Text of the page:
DES MOINES, NOV. 15 -- Do not run a campaign that would embarrass your mother.
-- Sen. Robert Byrd's advice to Democratic candidates
A tearful Sen. Paul Simon announced his withdrawal from the 1988 presidential race this evening, following revelations that several of his aides had failed to wash their hands before a lemonade social and foreign-policy debate sponsored by a local elementary school PTA here last week.
This gaffe alone might not have been fatal, experts say. But the Iowa political community was alive with rumors that The New York Times was about to publish a story that the aides had not brushed their teeth afterward or written thank-you notes the next day. As Simon's staff's manners came to dominate the headlines, many Iowa Democrats became furious at Simon for diverting attention from President Reagan's recent announcement that intermediate-range nuclear missiles to be removed from Europe will be redeployed in Harlingen, Texas, and aimed at Nicaragua. What some experts see as a potentially valuable issue for the Democrats has now been overshadowed by the controversy over party etiquette.
Simon's departure leaves a gap in the Democratic field for 1988. Sen. Albert Gore Jr., Simon's only remaining rival, withdrew last week following revelations that his staff had leaked word that Rep. Richard Gephardt had cried upon learning that aides to the Rev. Jesse Jackson were responsible for informing the media that Gov. Bruce Babbitt's campaign had pointed the finger at Gov. Michael Dukakis' aides for revealing that Sen. Joe Biden had borrowed a speech from British Labor Party leader Neil Kinnock. Kinnock is expected to seize this sudden opportunity by announcing his candidacy tomorrow.
Political observers are divided over whether Simon's mistake was in not being aware of this social misbehavior on the part of his aides, in originally attempting to brush the issue aside, in hesitating for 15 minutes before firing the aides or in finally letting them go.
"In fact," explains William Schneider of the American Enterprise Institute, "it was all four. The voters will not excuse Simon from blame for his aides' performance simply because he didn't know about it. If a candidate cannot manage his own campaign, how can he manage the world's most demanding job? His original inclination to minimize this serious incident raises questions about his character. The delay while he vacillated about how to respond to this scandal naturally leads to concerns about his decisiveness. His final decision to let them go reveals an unseemly willingness to pander to outside pressure. What, after all, did they do that was so terrible?"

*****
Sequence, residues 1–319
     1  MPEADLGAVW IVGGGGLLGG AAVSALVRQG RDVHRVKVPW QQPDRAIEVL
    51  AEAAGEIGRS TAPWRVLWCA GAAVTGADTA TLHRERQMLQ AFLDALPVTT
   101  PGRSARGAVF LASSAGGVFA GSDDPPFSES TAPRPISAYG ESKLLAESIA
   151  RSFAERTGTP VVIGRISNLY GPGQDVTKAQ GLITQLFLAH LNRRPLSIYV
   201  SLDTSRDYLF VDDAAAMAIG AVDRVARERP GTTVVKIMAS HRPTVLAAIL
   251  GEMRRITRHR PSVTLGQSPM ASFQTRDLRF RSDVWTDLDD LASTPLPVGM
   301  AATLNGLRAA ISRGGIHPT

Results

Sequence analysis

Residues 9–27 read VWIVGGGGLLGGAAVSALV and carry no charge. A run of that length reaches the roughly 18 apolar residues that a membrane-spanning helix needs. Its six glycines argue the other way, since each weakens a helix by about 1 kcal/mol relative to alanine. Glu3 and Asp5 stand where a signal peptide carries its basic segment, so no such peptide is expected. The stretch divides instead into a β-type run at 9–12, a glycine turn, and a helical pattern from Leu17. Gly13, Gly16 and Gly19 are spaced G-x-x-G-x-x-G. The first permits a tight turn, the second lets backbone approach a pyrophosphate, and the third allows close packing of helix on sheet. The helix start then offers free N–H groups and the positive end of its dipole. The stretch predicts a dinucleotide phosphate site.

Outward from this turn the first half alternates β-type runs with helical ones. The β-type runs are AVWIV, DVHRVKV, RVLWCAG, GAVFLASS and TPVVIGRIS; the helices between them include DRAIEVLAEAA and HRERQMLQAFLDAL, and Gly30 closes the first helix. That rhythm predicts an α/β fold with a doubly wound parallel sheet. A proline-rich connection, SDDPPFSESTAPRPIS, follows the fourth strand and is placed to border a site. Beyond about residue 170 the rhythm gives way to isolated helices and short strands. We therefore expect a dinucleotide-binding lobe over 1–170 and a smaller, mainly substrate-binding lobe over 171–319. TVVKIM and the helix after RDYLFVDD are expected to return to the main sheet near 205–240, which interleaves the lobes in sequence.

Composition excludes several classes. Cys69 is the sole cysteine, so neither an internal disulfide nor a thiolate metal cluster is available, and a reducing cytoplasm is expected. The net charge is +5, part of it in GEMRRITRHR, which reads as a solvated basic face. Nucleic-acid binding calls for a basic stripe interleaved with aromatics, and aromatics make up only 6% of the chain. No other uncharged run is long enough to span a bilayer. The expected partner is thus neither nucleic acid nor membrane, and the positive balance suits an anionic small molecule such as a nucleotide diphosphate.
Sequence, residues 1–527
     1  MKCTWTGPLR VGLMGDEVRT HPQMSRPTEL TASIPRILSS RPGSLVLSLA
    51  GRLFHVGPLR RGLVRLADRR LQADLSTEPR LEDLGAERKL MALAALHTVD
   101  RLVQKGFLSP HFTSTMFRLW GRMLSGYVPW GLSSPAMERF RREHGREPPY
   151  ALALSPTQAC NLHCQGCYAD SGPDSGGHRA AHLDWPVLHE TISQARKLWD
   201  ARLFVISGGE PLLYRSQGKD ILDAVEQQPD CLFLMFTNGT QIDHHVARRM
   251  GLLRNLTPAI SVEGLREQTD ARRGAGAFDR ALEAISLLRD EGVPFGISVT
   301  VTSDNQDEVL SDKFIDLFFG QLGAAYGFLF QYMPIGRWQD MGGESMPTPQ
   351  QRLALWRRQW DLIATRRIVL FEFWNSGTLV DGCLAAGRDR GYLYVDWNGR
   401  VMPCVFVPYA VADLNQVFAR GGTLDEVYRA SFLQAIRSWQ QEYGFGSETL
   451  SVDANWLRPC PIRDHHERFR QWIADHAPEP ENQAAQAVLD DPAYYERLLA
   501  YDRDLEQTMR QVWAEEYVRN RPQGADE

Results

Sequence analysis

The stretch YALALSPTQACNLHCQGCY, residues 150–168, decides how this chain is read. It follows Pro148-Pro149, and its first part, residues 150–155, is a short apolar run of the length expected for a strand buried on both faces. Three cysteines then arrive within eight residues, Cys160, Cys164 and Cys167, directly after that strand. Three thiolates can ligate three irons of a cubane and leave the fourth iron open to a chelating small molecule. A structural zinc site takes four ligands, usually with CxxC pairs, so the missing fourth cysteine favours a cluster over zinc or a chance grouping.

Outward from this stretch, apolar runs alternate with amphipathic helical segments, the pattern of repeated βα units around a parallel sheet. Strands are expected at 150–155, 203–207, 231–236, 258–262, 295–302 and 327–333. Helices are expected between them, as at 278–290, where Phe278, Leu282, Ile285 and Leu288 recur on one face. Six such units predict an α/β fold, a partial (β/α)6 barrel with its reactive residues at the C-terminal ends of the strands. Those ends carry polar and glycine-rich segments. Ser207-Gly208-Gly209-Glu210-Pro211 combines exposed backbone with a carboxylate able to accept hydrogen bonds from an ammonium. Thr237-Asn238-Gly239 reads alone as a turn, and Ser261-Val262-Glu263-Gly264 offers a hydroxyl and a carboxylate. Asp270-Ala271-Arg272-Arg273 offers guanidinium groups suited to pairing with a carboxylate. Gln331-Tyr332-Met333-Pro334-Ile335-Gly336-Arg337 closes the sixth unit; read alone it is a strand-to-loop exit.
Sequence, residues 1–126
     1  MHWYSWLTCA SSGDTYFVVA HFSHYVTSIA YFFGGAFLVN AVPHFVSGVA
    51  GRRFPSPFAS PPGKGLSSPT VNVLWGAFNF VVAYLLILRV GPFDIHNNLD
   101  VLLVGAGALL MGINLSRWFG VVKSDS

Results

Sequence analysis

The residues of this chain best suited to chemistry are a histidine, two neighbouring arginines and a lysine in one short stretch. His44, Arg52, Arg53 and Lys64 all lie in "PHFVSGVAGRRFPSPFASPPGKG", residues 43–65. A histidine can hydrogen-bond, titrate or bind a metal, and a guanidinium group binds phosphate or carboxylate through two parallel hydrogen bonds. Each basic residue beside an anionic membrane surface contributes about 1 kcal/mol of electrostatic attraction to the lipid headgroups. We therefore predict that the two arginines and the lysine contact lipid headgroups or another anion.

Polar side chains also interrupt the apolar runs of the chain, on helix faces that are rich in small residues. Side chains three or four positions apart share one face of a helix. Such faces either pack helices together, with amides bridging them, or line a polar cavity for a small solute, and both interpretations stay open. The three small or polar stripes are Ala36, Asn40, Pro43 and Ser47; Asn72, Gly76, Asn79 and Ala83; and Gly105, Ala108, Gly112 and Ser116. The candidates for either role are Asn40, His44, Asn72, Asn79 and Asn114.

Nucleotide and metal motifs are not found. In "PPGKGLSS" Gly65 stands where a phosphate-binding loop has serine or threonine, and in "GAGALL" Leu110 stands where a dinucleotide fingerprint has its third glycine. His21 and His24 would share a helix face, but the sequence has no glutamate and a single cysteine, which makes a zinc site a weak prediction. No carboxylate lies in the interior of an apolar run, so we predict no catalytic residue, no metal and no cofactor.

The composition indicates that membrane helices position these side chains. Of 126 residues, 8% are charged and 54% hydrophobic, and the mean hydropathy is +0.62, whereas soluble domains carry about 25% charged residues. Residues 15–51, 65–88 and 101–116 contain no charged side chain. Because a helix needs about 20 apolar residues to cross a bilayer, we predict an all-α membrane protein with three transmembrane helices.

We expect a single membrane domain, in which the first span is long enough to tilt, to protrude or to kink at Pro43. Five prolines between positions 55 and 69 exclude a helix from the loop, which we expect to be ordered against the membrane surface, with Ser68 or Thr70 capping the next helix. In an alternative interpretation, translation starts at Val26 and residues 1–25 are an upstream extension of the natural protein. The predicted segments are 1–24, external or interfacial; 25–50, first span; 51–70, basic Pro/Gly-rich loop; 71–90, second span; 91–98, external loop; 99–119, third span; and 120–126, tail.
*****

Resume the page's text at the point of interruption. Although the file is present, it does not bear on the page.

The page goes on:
Schneider noted that the Reagan presidency has had a profound effect on the image a successful candidate must convey. "After eight years of Ronald Reagan's simple-minded bromides, the voters have come to expect leadership with a similar clarity of vision." He added, "After eight years of Ronald Reagan's hands-off management style, the voters have come to demand something completely different."
Some bitter Simon supporters are asking why the press should be focusing so much damaging attention on this episode, while a Republican candidate's recent strangling to death of his wife on national television has attracted relatively little notice. Media analyst Norman J. Ornstein explained: "He was already established in the public mind as a vicious character. His murder of his wife tells us nothing new about how he would perform as president. Simon, on the other hand, was perceived by the public as a clean and wholesome individual. Thus the revelation that those around him don't always wash their hands becomes a key element in assessing his character."
Simon aides also point to what they say is a lack of attention paid to acknowledgment by another leading Republican candidate that he diverted $15 million from the Iran-contra arms sale transaction to buy a chateau on the Loire for his French mistress.
"No, no, no," commented Marvin Kalb, director of the Harvard University Center for the Study of Politics, the Press, Policy Planning and Pepperoni Pizza. "That embezzlement was an isolated episode. Therefore, it is insignificant. Simon's hand-washing problems, however, highlighted concerns that close followers of politics already had expressed among themselves about a gravy-spotted shirt at a press conference last month and a poorly knotted bow tie during a candidate muffin bake-off and welfare symposium in New Hampshire last spring. Thus this episode confirms a pattern of behavior that raises legitimate questions about the candidate's character. I'm sorry, but those are the rules."
Another observer, who asked not to be identified, observed: "It couldn't just be that the press is unfairly picking on the Democrats, could it?" He added: "No, of course not. What on earth could I have been thinking of? Everybody knows the press has a liberal bias."